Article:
Burning down the house
There is of course over the top commentary everywhere. There are the alt-nats who have embraced the notion of a more populist argument for independence and political change, some of which is driven by an understandable impatience and frustration at the SNP’s gradualist, slow paced politics.
There is over-statement and abuse. It is not very helpful to talk as one independence blogger did this week of Salmond critics as suffering from “Salmond Derangement Syndrome” and making the case that too many of such voices were comparing Salmond with the dysfunctional demagogic politics of Trump. But there is much worse than that, with sexism, misogyny and abusive comments about Sturgeon from people who are pro-independence.
Such heated commentary is all over the body politic these past few weeks. There is the continual diminution of the Scottish Parliament and Government along with the Crown Office, who all could improve their operations and should be rightly assessed and held to account, but have all been trashed again and again. Scotland has been called ‘a one party state’ and ‘dictatorship’ – and by some of the most florid voices the words ‘fascist’ and ‘communist’ even trundled out.
The usually considered Alex Massie last weekend declared of the desire pre-devolution that the Scottish Parliament would be different and better than Westminster, that this was a “sham bragging for a sham nation” –not a very attractive proposition or phrase. When challenged by myself on this he said that he was invoking Edwin Muir and his poem ‘Scotland 1941’ which has the evocative line, “Burns and Scott, sham bards for a sham nation”. But of course he had not referenced the Muir invocation and was trying to be too clever by half in his dismissive attitude.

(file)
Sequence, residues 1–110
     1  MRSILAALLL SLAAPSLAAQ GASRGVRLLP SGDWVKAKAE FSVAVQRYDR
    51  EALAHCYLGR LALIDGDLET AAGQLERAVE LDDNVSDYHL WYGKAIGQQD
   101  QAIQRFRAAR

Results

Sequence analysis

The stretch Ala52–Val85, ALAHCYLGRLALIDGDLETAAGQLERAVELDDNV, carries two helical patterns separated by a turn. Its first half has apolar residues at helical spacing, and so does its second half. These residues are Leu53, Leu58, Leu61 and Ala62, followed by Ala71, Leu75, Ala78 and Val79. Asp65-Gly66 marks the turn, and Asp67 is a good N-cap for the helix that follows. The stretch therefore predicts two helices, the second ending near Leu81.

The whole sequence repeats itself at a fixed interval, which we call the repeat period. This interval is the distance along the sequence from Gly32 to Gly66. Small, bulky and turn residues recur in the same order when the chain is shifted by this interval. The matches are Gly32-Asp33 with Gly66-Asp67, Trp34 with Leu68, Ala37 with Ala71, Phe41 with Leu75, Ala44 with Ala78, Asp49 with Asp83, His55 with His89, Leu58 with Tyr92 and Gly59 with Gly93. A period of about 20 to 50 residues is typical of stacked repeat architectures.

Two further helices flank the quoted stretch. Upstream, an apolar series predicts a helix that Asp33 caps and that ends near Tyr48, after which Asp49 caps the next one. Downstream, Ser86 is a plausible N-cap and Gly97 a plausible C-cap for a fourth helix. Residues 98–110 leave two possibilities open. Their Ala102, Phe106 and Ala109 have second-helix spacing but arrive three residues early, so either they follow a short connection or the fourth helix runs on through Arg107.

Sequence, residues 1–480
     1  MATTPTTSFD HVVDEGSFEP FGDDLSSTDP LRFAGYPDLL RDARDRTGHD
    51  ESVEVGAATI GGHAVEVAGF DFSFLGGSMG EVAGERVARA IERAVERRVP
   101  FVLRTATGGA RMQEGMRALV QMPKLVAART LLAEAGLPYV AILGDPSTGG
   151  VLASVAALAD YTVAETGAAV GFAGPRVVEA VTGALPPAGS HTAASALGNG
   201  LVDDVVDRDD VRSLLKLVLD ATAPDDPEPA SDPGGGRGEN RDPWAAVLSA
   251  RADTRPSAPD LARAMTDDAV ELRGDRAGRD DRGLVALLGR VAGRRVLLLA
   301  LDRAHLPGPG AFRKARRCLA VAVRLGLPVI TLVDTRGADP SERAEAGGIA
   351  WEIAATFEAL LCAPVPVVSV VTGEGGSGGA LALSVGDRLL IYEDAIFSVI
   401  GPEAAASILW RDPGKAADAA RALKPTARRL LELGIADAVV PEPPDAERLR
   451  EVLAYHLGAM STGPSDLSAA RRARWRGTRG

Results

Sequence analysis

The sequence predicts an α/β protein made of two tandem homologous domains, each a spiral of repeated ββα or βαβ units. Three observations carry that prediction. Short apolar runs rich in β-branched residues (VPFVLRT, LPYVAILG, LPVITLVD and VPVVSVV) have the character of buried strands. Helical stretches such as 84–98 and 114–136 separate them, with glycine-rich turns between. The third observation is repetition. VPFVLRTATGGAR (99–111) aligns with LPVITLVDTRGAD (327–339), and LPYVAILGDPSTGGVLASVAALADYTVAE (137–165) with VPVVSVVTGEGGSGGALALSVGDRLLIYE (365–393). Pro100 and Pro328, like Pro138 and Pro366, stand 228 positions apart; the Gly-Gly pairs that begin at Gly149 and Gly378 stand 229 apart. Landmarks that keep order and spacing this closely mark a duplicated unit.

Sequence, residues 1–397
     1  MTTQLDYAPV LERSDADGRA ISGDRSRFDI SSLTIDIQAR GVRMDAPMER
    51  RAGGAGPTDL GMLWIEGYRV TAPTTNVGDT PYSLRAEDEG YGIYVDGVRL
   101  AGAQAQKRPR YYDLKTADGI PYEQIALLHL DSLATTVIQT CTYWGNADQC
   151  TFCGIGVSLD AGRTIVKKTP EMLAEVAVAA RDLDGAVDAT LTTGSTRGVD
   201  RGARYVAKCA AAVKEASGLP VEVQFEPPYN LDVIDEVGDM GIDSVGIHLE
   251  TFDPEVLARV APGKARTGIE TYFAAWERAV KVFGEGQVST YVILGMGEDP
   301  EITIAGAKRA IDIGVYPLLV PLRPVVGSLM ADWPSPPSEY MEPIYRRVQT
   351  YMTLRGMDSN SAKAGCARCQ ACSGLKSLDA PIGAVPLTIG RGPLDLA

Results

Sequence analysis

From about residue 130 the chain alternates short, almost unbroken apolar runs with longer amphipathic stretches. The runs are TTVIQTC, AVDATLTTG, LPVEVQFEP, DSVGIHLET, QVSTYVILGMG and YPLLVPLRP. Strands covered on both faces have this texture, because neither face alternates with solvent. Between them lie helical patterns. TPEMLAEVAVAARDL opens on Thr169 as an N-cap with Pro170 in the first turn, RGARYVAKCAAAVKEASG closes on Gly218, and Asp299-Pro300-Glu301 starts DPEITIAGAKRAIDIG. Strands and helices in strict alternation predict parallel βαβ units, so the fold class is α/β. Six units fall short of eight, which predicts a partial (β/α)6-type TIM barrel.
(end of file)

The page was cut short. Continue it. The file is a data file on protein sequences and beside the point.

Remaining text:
What many pro-union commentators and perspectives miss is that Scotland is already quasi-independent. The way we talk, live, think, act, co-operate and do our politics are all informed by this, and it is not going to be reversed in the near-future. Our everyday human experience of Scotland confirms this feeling and state of mind.
This independence is the new normal. It is something which has evolved dramatically over the past two decades of the Parliament, but has a longer tail back to the explosion of the constitutional question in the 1960s and National Covenant in the 1940s and 1950s, and which was always there in the background even at the height of unionist Scotland.
This story aids the advance of formal independence, but it does not mean there is any room for complacency or thinking it is just self-evident that Scotland’s public institutions are superior to Westminster and the British state. Scotland’s public life – from its government and Parliament to politicians, media and civic life – still has room for improvement and have too often fallen short in holding power to account. Embracing collective responsibility, looking to change where we fall short, and not blaming others for our own shortcomings, are not a sign of weakness but strength in Scotland’s journey of self-government.